A Joeish Erlang distribution (long)

Robert Virding <>
Wed Jan 29 01:25:34 CET 2003

Yes Joe I completley agree! This is a change I have been pushing for years.

The core should be small, correct and not contain gen_* etc. Put these 
in a separate package which people can include when needed. They should 
also be rewritten only to use the stuff in the core. It is very 
important to get proper layering so as not to have the all-or-nothing 
situation of today. especially when it is not needed.

I think the lower layers should be something like:

Layer 0 - the emulator and BIF modules (BIFs are part of the language
           when you think about it)

Layer 1 - small basic kernel + stdlib

Layer 2 - this would contain other orthogonal groups which only use
           layer 0+1, e.g.
         - compiler
         - gen_* supervisor etc

Layer 3 - applications built on layer 0+1+2


I use groups here instead of calling them applications or packages so as 
not to clash with the existing ue of the words.

It is very important that different groups in a layer only depend on 
lower layers and not on other groups within the same layer.

Strict layering like this would make it easier to build streamlined 
applications as dependencies would be easy to trace. Now it is a mess, 
look at all the modules loaded just to get a prompt. Joe found he needed 
something like 30 modules just to run the compiler.

Note that this in no way stops Richard Carlssons packages, the groups 
above could be packages.


----- Original Message -----
From: "Joe Armstrong" <>

 > On Mon, 27 Jan 2003, Vance Shipley wrote:
 > > On Mon, Jan 27, 2003 at 05:32:33PM +0100, Kenneth Lundin wrote:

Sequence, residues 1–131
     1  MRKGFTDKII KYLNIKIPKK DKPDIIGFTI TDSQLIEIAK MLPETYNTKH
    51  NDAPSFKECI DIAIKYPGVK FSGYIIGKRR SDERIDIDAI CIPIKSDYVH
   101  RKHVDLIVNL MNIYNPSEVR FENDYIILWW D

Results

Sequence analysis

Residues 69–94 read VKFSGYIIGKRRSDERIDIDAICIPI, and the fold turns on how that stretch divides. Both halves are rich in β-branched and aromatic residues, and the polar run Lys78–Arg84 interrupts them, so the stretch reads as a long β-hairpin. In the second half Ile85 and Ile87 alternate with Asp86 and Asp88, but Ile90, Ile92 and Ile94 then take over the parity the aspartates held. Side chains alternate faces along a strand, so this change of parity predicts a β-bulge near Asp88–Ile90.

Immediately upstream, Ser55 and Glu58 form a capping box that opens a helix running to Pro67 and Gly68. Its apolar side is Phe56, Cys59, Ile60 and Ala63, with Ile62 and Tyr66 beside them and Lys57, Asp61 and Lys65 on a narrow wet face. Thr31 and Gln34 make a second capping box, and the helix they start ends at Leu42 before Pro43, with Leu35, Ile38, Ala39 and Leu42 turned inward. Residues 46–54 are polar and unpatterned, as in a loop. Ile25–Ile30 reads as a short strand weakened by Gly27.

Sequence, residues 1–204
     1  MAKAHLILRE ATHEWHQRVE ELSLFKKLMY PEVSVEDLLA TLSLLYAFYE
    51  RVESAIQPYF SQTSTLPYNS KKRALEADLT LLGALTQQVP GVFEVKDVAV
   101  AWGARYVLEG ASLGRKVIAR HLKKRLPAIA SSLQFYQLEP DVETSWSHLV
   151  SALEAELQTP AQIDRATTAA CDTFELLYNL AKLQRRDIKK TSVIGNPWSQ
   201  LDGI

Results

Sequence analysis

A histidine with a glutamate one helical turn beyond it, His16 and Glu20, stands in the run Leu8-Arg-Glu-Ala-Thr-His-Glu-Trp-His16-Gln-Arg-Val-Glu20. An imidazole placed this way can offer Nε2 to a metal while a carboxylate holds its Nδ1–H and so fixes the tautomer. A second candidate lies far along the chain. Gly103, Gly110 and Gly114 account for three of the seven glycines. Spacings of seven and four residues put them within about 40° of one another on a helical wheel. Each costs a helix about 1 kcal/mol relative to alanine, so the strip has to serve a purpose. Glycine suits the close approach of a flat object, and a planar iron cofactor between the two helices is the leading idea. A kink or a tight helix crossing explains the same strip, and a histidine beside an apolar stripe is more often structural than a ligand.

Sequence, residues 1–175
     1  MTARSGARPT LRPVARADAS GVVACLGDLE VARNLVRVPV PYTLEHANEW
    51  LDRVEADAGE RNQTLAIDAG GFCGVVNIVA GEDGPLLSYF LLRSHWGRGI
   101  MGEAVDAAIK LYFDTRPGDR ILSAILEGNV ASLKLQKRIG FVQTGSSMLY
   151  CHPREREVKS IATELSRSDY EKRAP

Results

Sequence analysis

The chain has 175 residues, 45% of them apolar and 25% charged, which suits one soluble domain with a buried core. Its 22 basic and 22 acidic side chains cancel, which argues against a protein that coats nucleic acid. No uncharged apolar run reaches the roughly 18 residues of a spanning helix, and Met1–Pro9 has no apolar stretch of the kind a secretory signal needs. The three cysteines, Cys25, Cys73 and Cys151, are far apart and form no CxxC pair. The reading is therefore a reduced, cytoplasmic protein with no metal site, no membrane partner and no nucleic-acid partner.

> > }
 > > }  Here are some comments from the Erlang/OTP Product Manager at 
 > > }
 > > }  1) We have plans to divide the Erlang/OTP distribution into s 
number of
 > > }  separate packages. Preliminary we are thinking of 3 packages:
 > > }  - Core package 
 > > }  - Tools&Utilities (parse_tools, tools, debugger, observer, et, 
tv, ...
 > > }  - Telecom/protocols (snmp, asn1, orber, megaco, ...
 > >
 > > I would suggest that the core package be even more limited.  All 
you really
 > > need to run Erlang is erts, kernel and stdlib.  A "Development" 
 > > would be appropriate.  If you think in terms of embedded systems 
and what
 > > they require it makes a cleaner seperation.
 >   I  entirely agree  - snmp  mensia etc  are *applications  that are
 > written in Erlang - they should not therefore be in the core release.
 >   The core should be:
 > 1) The compiler
 > 2) The run time
 > 3) A minimal set of libraries to do something "useful"
 >   Think C - a minimal set of stuff is
 > - A compiler that runs "out of the box"
 > - A minimal set of libraries (libc) so you can do something.
 >   IMHO we should have:
 > - A compiler that runs "out of the box"
 > - Minimal library support
 >   Somewhere you have to "draw the line"
 > My "minimal support" really means device drivers - so support
 > for files, sockets, binary filers, ... etc. is in - everything else 
is out.
 > also ets is so low level that it can be considered "part of the language"
 >    We have to be pragmatic as well so I'd include
 > - dets
 > - dynamic code loading
 > - the shell
 >    As well in the core.
 >    (But no snmp, mnesia, .... asn1 etc.) these are *applications*